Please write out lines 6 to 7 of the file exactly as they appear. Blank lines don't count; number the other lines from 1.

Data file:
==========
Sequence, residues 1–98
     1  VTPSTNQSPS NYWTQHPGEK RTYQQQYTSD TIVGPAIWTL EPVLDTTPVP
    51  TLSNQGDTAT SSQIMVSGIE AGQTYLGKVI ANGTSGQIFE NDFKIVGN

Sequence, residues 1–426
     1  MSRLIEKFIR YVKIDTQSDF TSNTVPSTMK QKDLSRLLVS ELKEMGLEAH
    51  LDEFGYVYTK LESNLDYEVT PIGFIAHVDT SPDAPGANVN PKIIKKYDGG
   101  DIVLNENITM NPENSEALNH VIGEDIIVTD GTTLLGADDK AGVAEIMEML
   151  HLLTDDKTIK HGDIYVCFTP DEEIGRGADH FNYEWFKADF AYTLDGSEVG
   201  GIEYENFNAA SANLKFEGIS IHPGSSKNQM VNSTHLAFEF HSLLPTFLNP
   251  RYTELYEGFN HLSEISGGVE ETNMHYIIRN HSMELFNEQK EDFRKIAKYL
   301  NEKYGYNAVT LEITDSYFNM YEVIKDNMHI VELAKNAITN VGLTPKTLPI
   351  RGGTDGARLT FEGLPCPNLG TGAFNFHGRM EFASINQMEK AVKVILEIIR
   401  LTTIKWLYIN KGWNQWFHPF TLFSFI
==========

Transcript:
    51  LDEFGYVYTK LESNLDYEVT PIGFIAHVDT SPDAPGANVN PKIIKKYDGG
   101  DIVLNENITM NPENSEALNH VIGEDIIVTD GTTLLGADDK AGVAEIMEML